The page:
Saturday, 6 September 2014

Review: Doctor Who 8.3: Robot of Sherwood

No disrespect to Tom Riley's performance. But I think I
actually preferred that terrible BBC version.
I had originally decided that in script form, this was my favourite of those five episodes leaked - the script had some really nice ideas to do with robots and stuff, which I usually think are amazing. There was something a little too silly about Robot, however, and I think it ultimately ended up feeling more like an average episode of Merlin. (And, as much as I loved that show, that's not a compliment for Doctor Who.) It wasn't that the episode didn't have any good ideas up its sleeves, but that they were left to be rushed out at the climax and the rest of the episode filled with incessant, annoying bickering between our inconsistent Doctor and Tom Riley's Robin Hood.
     Following on from the tradition of the RTD years, this week is a celebrity historical, delivered by Mark Gatiss in the way that only he seems to do. (Seriously, it took me till this year to realise he's only ever written Historicals). Instead of following someone who actually existed, this episode calls back to stories like Battlefield, giving physical reality to an element of British folklore. Unlike that story, however, which added a well-developed new take on that folklore, Robot played into all of the Robin Hood cliches and gave it only one, underdeveloped and confusingly explained sci-fi element.
     In terms of The Doctor's characterisation, this episode was bizarre, both on its own and in comparison to the previous two episodes. However badly developed Moffat's idea of the new, darker Doctor, this episode played his grumpiness for laughs in a way which did not sit well, coming off as overly forced and turning The Doctor into something of a farcical figure. Capaldi is a great actor, but in this episode he was given no chance to carry the authority and presence that the character needs to bring to the screen, instead bickering in a way more typical of his predecessor's more irritating moments. Adding to that was the episode's insistence that The Doctor was a noble hero - even when this season has been keen to establish (albeit somewhat shoddily) that The Doctor is a straight-up ass in this incarnation.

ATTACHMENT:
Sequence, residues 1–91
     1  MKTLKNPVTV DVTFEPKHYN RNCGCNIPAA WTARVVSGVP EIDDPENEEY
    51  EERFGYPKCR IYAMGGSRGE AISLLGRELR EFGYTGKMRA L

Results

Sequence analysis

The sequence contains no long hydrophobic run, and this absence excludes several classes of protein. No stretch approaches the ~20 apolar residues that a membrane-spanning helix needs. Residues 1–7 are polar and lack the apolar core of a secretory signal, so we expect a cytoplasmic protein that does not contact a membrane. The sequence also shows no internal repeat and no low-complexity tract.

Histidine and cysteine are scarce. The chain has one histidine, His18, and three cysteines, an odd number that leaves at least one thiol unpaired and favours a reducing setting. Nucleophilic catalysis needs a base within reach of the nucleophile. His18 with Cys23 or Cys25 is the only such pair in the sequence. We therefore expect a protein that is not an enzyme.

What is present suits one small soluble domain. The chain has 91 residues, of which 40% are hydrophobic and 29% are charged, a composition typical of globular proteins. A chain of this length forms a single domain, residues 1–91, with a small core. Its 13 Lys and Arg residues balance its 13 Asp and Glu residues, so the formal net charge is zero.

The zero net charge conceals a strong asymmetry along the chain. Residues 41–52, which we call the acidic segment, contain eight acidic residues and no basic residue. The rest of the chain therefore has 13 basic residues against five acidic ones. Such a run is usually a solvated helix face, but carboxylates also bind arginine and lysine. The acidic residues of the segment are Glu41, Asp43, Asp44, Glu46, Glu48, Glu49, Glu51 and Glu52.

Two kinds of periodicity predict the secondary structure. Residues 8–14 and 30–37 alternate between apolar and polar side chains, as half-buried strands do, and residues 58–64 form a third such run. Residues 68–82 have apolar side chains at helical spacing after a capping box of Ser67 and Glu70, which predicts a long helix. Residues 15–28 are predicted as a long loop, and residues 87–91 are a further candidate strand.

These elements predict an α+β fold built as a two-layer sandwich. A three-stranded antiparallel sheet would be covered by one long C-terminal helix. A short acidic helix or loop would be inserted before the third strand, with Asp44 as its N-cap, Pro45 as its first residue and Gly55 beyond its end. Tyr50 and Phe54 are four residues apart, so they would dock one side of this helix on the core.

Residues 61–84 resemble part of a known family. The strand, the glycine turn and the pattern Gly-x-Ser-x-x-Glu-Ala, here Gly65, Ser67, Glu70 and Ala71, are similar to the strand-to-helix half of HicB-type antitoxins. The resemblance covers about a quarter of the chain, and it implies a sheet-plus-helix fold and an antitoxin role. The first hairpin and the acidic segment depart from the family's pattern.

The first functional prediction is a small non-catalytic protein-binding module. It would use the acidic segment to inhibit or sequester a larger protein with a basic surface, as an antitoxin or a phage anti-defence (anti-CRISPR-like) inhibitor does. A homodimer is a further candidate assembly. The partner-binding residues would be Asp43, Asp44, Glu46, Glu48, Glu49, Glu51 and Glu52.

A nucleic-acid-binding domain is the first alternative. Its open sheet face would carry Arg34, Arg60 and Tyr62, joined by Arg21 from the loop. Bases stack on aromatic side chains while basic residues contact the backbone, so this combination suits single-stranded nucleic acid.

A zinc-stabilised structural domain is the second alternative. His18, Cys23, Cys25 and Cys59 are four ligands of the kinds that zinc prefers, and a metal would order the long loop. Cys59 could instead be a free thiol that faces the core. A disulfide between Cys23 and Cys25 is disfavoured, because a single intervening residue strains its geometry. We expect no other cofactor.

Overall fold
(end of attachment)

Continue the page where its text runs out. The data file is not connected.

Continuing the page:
Who are the Robots? What is their culture? Why are they
on Earth? Who created them? WHAT IS GOING ON?
     It seems to be a pattern with this and last week - a lot of faffing about takes the place of effective worldbuilding and character development. We got a few pivotal scenes to work with Robin and the Sheriff, but both of them had such cardboard characters that the episode itself was pointing out how unoriginal their motivations were. The result was a story we weren't invested in and didn't care about, soaked in an atmosphere which, while fairly well constructed, added nothing to the viewing experience. It was cliched, rubbish gibberish, and it wasn't even interesting about it. And for the story I was looking forward to, that's a crying shame.


NEXT WEEK: The Doctor is afraid of the dark... or is he? Plus some creepy "lets see a companion as a child" shit from the Moffat himself. It's Listen.

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